POLITICAL RETROSPECT. Domestic.—The funds have main- tiplication of crime, which has been tained their high prices during the certified by the magistrates from the past month, and consols remain un- bench, and a corresponding corruption usually elevated; but that this is an of the manners and habits of the lower unnatural price, even at the present orders. The augmented number of moment, when monied men can find suicides, and sudden deaths, traceable no employment for their capital, and to this changed system of policy, is therefore vest it in stock as their only truly awful. resource, must be evident even to the It is a gratification, that however most superficial observer; that such a evil-disposed persons may unite togecircumstance has helped to raise them, ther for a time to work mischief, a is indubitable; but that the full effect period will arrive, in which an overis the result of a manæuvre is beyond ruling Providence causes the hidden all doubt. The expected change of things of darkness to be disclosed. the 4 per cents. to 3 per cent. may be This time is now fast approaching, to either the cause or the consequence of that body, formerly designated as the the present state of the funds; we only Roman Catholic Association ; and look to the consequence, which is pro- who, though they renounced the name mised to be one of benefit to the in affected compliance with the mannation. We consider the measure un- date of the legislature, still continued just, and like every other unjust mea- banded together, devising further sure, it will produce injury to the means of ruin to their country. These parties who partake of it, and probably persons have disagreed amongst themto many besides. The holders of the selves, concerning a large sum of stock proposed to be reduced have money, the produce of the Catholic already received their portion; for Rent, and which the treasurer, in whilst the other funds have risen enor- opposition to the request of the commously, theirs has been kept nearly at mittee, refuses either to give up or par; they have therefore been deprived account for: hence aisunion has of their just and equitable due in the arisen, and, in their hasty discord, they corresponding advance, from whatever have accused each other of misdecause that may have sprung. A larger meanours on various occasions, with quantity of 34 per cent. stock must be many other circumstances, all tending created to meet the reduction, the in- to expose the real characters and interest of which will be of less amount tentions of the parties at the head of than that of the stock reduced ; but it the Association; which may be a warnought to be remembered, that this in ing for the future, to easy incredulous crease, if redeemed at par, the only persons, how they suffer themselves to just way of making the estimate, be imposed upon, and made tools of, would cost a much larger sum to effect by artful men, who hide, under a its redemption.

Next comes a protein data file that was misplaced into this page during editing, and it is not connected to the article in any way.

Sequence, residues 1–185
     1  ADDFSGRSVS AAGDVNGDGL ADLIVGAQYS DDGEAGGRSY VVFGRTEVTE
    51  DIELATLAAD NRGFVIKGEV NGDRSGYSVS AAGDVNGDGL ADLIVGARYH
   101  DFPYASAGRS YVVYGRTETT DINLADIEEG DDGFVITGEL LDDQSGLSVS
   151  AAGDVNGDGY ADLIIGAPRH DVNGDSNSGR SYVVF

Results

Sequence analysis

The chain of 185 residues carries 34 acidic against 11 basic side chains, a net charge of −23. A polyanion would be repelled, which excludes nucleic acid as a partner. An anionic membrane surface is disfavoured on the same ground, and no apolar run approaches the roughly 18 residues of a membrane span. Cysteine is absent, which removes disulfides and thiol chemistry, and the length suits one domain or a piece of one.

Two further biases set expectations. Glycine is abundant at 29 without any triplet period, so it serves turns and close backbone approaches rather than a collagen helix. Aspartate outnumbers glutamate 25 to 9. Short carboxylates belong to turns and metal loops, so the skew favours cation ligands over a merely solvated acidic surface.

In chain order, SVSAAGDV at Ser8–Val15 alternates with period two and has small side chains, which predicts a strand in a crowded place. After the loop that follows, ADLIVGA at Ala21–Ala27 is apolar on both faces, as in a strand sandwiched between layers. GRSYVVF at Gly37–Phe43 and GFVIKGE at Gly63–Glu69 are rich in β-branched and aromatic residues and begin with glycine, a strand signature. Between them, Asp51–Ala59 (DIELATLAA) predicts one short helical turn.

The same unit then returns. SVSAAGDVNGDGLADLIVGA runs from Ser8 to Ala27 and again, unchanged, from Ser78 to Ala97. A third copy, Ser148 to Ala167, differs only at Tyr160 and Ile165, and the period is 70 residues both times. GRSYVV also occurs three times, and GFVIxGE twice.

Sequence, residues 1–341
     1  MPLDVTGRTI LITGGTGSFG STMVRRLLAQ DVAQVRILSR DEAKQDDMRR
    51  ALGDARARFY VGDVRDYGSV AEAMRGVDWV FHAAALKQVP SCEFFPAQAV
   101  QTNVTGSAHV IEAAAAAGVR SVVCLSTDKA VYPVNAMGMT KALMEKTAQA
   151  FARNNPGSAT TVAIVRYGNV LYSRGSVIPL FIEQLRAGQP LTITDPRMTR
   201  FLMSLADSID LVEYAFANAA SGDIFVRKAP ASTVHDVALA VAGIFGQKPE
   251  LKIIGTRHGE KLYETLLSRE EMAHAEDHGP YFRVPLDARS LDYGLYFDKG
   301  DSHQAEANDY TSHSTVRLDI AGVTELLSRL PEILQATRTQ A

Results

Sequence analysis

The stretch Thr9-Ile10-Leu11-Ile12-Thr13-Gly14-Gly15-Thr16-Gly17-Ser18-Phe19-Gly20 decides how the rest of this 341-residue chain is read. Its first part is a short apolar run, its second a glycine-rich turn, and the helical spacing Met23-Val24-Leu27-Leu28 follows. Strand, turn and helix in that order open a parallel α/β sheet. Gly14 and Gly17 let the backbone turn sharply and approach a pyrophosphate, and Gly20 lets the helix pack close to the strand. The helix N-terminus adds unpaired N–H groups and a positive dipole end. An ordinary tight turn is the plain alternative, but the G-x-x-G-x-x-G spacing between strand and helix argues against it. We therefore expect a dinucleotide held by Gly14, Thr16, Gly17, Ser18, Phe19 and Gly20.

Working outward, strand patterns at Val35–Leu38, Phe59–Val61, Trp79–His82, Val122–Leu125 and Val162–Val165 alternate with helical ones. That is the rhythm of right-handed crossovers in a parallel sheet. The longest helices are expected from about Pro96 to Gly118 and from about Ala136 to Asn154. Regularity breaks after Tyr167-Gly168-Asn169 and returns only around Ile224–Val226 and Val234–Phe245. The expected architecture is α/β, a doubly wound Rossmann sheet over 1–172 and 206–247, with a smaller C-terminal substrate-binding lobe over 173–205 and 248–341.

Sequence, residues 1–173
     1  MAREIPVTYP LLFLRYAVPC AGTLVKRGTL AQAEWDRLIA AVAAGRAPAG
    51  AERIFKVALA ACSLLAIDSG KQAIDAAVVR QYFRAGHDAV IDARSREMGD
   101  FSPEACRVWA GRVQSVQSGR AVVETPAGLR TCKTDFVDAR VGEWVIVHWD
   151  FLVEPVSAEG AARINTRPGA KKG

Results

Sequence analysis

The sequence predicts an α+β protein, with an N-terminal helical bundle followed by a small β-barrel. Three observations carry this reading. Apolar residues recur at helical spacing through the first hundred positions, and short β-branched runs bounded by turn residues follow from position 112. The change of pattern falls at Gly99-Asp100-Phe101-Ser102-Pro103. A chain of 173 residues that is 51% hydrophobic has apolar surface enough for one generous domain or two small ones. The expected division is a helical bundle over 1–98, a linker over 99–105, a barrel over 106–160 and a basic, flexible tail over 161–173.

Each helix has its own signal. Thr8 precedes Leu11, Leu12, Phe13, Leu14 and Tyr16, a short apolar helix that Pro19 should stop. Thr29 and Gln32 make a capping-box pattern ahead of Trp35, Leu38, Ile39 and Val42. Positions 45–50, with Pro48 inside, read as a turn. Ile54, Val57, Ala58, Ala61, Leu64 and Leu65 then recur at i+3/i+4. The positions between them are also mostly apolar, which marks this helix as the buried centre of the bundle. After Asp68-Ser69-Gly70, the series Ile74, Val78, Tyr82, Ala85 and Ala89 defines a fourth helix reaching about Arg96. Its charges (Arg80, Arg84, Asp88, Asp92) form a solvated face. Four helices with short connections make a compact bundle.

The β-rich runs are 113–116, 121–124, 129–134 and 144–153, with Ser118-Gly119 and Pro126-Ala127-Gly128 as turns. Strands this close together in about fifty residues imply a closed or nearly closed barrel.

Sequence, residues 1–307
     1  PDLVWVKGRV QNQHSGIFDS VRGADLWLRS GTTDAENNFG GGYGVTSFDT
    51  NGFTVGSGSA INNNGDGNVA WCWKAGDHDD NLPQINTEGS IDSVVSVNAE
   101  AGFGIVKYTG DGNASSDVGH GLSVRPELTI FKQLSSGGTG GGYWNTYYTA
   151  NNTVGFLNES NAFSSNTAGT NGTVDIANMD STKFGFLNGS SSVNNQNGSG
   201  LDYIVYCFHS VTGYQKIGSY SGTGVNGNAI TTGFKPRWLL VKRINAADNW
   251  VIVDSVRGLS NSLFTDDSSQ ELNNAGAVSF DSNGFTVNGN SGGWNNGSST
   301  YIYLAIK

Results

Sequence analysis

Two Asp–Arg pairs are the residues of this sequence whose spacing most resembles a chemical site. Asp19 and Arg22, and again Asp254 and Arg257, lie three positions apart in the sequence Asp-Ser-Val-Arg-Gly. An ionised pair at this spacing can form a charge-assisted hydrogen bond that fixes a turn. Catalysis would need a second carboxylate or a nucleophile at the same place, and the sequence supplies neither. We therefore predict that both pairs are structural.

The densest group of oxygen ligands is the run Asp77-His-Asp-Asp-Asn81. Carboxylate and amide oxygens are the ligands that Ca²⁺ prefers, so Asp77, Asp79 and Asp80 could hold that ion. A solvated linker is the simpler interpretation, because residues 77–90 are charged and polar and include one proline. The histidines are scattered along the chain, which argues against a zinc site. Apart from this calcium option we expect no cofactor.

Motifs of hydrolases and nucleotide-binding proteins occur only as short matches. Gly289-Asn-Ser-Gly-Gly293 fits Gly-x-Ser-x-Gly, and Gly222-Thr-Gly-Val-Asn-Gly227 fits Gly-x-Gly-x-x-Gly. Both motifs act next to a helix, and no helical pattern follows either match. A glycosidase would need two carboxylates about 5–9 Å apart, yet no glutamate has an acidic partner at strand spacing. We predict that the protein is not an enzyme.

ready flow of high-sounding words, The effects of the new police esta designs fraught with unutterable woe blishment appear to be beneficial to the to our once flourishing and happy peace and safety of the metropolis, but country; for it is in vain to attempt not so much so as to countervail the disguising that she is fast losing her increase of crime from the increase of claim to that condition. At the comdram-drinking, which is now extended mencement of the year just closed, to an alarming degree. The policy of how different was her situation to our forefathers was to supply the la- what it is on the present New Year'sbouring classes with a wholesome malt day. Then our manufacturers were beverage, at as moderate a price as employed, our commerce was comtimes and circumstances would permit; paratively active, the agricultural porand to restrain the practice of swal tion of the community had gathered lowing ardent spirits, by taxing them in a plentiful increase, and every highly. Some acts of later admini- prospect wore a smiling appearance. strators have reversed this, and the The legislature met, and intimidated consequence is, an enormous increase by the idle, though loud and boastful in the consumption of spiritsă mul- . threats, of this handful of demagogues,